“’Tis a sinful thing,” said Nash, tsking through the gap left by a missing incisor. “Sinful, for a woman to take her own life like this. The Good Book says, ‘If any man defile the temple of God, him shall God destroy; for the temple of God is holy, which temple ye are.’ And I reckon that’s as true for a woman as for any man.”

Archie cleared his throat. “I don’t think we can say that yet—that she took her own life, I mean.”

Constable Nash let out a sound somewhere between a grunt and a derisive laugh as he bent to pick up the brown glass bottle that nestled in the grass at her side. “Laudanum,” he said, turning the bottle so that the
POISON
label faced Archie. “Emptied it, she did.”

“Yes, I noticed it.”

Archie stared down at the woman’s neatly folded spencer. It lay to one side with her broad-brimmed, velvet-trimmed straw hat, as if she had taken them off and carefully set them aside before stretching out to—what? Drink a massive dose of an opium tincture that in small measures could ease pain but in excess brought death?

It was the obvious conclusion. And yet . . .

Archie let his gaze drift around the clearing. The meadow was eerily hushed and still, as if the mist drifting up from the river had deadened all sound. The young lad who had stumbled upon the dead woman’s body at dawn and led them here was now gone; the creatures of forest and field had all fled or hidden themselves. Even the unseen birds in the tree canopy above seemed loath to break the silence with their usual chorus of cheerful morning song. Archie felt a chill dance up his spine, as if he could somehow sense a lingering malevolence in this place, an evil, a disturbance in the way things ought to be that was no less real for being inexplicable.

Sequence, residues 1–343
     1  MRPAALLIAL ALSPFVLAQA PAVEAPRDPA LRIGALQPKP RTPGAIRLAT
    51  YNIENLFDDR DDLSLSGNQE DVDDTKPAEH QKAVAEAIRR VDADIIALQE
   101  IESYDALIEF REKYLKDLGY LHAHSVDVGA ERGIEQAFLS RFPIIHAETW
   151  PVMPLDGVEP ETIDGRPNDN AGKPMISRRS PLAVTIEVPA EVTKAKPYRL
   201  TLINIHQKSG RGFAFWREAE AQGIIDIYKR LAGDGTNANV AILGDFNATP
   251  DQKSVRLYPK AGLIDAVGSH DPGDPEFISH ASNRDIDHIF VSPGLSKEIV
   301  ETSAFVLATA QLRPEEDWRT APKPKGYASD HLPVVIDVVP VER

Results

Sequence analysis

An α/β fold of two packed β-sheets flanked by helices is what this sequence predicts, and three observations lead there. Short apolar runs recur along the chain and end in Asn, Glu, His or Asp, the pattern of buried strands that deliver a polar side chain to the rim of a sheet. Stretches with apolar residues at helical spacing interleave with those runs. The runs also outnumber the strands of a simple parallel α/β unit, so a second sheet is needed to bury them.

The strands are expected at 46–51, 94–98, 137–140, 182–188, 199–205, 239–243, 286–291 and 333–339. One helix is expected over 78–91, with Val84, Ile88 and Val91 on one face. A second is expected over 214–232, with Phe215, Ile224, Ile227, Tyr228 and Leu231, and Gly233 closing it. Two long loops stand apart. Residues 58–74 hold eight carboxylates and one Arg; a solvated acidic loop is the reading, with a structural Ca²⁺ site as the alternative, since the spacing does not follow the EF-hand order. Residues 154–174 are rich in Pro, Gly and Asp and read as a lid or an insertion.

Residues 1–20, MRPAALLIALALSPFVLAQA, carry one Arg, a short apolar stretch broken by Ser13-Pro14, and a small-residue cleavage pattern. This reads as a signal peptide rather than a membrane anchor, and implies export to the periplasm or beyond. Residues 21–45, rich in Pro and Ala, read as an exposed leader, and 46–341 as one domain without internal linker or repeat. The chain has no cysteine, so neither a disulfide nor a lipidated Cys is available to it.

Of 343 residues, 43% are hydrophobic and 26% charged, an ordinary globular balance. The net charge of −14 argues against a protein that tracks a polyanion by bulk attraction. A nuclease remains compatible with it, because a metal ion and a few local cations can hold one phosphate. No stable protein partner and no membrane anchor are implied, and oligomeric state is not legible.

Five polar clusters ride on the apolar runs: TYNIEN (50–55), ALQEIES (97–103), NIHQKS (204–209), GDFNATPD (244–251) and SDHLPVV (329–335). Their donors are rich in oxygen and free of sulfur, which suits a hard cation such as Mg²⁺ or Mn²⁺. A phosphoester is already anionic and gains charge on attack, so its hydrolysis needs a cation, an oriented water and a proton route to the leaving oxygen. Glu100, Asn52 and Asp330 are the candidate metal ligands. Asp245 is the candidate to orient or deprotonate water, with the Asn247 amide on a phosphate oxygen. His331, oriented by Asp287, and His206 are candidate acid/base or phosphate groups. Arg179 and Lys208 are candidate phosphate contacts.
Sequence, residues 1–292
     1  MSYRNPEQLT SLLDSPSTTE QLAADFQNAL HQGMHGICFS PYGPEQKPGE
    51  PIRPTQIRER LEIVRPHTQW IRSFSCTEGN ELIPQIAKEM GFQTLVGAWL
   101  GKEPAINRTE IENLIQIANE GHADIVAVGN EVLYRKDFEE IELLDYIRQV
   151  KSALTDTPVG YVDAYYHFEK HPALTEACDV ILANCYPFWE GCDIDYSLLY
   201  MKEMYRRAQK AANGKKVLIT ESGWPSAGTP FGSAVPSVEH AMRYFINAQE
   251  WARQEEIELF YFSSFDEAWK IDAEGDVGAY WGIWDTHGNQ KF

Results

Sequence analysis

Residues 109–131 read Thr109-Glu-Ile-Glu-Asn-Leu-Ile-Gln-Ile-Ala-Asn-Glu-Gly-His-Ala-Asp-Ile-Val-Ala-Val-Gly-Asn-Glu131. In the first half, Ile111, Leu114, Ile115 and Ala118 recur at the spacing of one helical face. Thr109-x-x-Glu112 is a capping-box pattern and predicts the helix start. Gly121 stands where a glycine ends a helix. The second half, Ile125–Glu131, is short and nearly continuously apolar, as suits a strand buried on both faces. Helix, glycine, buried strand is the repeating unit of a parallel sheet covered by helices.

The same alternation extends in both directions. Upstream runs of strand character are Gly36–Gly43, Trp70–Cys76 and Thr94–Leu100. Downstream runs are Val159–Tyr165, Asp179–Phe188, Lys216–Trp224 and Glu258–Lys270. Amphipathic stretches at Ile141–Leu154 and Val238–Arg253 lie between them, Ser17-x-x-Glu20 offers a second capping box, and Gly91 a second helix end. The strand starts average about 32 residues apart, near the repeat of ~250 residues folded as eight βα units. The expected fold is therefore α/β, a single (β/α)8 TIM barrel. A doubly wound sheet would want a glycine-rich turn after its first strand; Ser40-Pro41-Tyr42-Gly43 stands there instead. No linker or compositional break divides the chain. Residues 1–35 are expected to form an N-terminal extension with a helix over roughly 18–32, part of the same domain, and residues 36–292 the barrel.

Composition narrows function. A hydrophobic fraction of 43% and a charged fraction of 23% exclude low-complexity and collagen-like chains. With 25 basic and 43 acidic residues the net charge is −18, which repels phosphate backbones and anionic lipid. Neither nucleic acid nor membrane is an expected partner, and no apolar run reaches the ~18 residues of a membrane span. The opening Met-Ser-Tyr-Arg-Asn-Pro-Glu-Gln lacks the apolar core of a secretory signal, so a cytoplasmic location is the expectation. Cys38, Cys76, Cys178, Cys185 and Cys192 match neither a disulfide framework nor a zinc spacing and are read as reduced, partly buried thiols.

But he had no intention of uttering such fanciful sentiments to the gruff, no-nonsense constable beside him. So he simply said, “I think you should put the bottle back where it was, Nash.”

“What?” The constable’s jaw sagged, his full, ruddy cheeks darkening.

Archie tried hard to infuse his voice with a note of authority. “Put it back exactly as you found it, Constable. Until we know for certain otherwise, I think we should consider this a murder.”

Constable Nash’s face crimped. His small, dark eyes had a way of disappearing into the flesh of his face when he was amused or angry, and they disappeared now. But he didn’t say anything.

“There’s a viscount staying in the village,” said Archie. “Arrived just yesterday evening. I’ve heard of him; his name is Devlin, and he works with Bow Street sometimes, solving murders. I’m going to ask for his advice in this.”

“Ain’t no need to go troublin’ no grand London lord. I tell ye, she killed herself.”

“Perhaps. But I’d like to be certain.”

Archie readjusted the tilt of his hat and smoothed the front of his simple brown corduroy coat. Standing up to the village’s loud, bullying constable was one thing; Archie had only to call upon some six hundred years of Rawlins tradition and heritage.

But approaching the son and heir of the mighty Earl of Hendon and asking him to help a simple village squire investigate the death of a stranger was considerably more daunting.

BOOK: When Falcons Fall